Holder lauds new U.S. Attorney in New Orleans visit

Advocate staff photo by MATTHEW HINTON-- Kenneth Polite is the new U.S. attorney in the Eastern District of Louisiana in New Orleans. Show caption
Advocate staff photo by MATTHEW HINTON-- Kenneth Polite is the new U.S. attorney in the Eastern District of Louisiana in New Orleans.

NEW ORLEANS (AP) — Attorney General Eric Holder was in New Orleans Thursday for the ceremonial swearing-in of the region’s new top federal prosecutor, who took over an office shaken by a scandal that led to his predecessor’s resignation.

U.S. Attorney Kenneth Polite Jr. was officially sworn in when he started the job in September, but a crowd of elected officials, judges, attorneys and young students gathered to watch him take the oath of office during an investiture ceremony at a New Orleans high school.

Holder said the New Orleans native is “uniquely qualified” to lead the U.S. Attorney’s office for the Eastern District of Louisiana. Growing up in city’s Lower 9th Ward, Polite had a firsthand view of residents’ struggles against crime, drugs, and violence, Holder noted.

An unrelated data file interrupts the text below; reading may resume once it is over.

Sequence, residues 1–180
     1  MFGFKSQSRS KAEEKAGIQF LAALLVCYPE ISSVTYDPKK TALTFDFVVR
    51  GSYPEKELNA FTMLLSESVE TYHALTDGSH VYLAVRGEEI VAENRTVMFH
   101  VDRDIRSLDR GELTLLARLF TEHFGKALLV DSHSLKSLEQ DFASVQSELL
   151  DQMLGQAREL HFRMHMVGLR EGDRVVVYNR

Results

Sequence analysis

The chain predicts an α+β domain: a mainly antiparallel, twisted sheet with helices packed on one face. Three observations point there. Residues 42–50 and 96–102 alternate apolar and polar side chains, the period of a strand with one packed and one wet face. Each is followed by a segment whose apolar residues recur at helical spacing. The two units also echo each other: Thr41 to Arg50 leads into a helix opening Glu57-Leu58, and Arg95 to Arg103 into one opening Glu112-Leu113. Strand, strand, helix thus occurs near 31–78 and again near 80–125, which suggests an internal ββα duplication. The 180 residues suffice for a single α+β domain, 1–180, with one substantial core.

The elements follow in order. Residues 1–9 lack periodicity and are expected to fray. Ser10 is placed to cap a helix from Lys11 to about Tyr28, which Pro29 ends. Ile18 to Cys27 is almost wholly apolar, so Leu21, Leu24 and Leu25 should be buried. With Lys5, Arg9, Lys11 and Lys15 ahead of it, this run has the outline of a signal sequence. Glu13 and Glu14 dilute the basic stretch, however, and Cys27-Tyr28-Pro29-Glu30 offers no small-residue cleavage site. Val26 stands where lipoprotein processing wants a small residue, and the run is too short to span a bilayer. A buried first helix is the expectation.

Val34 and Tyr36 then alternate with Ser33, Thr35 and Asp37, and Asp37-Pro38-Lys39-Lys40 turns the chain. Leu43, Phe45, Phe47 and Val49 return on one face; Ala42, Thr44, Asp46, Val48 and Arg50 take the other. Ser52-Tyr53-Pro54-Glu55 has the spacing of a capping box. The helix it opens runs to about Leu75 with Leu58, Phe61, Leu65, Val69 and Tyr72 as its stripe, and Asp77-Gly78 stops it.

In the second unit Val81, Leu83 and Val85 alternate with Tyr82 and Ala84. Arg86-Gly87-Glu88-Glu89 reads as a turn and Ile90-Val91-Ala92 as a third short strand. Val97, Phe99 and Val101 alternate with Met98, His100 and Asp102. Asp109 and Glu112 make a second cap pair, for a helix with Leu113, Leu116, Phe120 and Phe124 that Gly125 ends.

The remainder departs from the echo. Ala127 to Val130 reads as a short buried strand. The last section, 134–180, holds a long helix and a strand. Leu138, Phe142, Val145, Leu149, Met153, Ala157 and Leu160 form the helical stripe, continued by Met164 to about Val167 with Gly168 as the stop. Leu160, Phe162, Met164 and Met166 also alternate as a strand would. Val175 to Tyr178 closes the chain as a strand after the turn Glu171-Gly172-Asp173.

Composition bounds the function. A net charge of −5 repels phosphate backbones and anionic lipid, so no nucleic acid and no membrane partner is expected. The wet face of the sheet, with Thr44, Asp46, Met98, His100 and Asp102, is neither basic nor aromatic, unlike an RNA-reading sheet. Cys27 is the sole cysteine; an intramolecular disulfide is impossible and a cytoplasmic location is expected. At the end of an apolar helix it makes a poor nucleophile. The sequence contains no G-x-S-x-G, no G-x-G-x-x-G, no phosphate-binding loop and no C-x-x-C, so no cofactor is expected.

“He came to understand the tremendous power of education and community outreach when it comes to transforming neighborhoods, improving criminal justice outcomes and even saving lives,” Holder said.

Polite said he plans to heed Holder’s advice to get out from behind a desk as frequently as possible to “advocate for justice” in the community. And improving education must be a key component in the region’s fight against crime, he said.

“Our community must rally around our young people,” he said. “We have to cut off the school-to-prison pipeline.”

More than half of the inmates incarcerated in federal prisons don’t have a high-school degree, and the rate is even higher in state prisons, Polite said.

“Raising our male high-school graduation rate by only 5 percent would save us hundreds of millions of dollars in criminal justice system costs,” he added.

Polite replaces Jim Letten, who resigned in December 2012 after two of his top deputies acknowledged posting anonymous comments about politicians, judges and cases on a newspaper’s website.

In September, a federal judge cited the online comments as evidence of “grotesque” prosecutorial misconduct and ordered a new trial for five former New Orleans police officers convicted of charges stemming from deadly shootings on a bridge in Hurricane Katrina’s aftermath.

Neither Holder nor Polite mentioned the circumstances of Letten’s departure during Thursday’s ceremony, which Letten attended.

U.S. Sen. Mary Landrieu, a Louisiana Democrat who recommended Polite for the job, said she had been impressed by his “passion for leading.”

“I literally could not find a more qualified, a more competent, a more enthusiastic young leader for this particular position at this particular time,” she said.